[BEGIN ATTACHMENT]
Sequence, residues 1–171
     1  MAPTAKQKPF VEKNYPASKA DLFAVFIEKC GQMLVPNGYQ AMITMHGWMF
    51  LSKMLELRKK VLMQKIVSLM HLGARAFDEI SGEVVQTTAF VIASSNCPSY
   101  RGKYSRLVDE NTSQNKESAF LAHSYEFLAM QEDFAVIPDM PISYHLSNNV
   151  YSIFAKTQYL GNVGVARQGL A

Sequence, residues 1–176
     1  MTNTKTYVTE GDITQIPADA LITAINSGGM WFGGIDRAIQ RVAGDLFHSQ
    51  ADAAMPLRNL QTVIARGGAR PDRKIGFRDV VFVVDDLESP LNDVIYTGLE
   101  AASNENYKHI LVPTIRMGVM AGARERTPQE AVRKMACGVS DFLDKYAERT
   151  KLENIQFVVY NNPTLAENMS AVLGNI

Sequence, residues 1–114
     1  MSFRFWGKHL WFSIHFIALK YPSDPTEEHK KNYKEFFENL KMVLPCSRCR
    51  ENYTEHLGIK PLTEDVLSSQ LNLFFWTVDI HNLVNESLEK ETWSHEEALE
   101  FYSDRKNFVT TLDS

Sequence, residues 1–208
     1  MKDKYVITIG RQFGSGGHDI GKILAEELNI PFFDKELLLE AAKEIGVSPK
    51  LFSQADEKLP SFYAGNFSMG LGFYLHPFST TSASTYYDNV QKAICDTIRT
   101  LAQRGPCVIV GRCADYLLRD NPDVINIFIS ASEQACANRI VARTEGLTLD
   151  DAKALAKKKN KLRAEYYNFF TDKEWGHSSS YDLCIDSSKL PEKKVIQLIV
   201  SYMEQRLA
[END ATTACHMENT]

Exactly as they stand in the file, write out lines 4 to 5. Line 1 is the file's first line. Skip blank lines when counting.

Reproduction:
   101  RGKYSRLVDE NTSQNKESAF LAHSYEFLAM QEDFAVIPDM PISYHLSNNV
   151  YSIFAKTQYL GNVGVARQGL A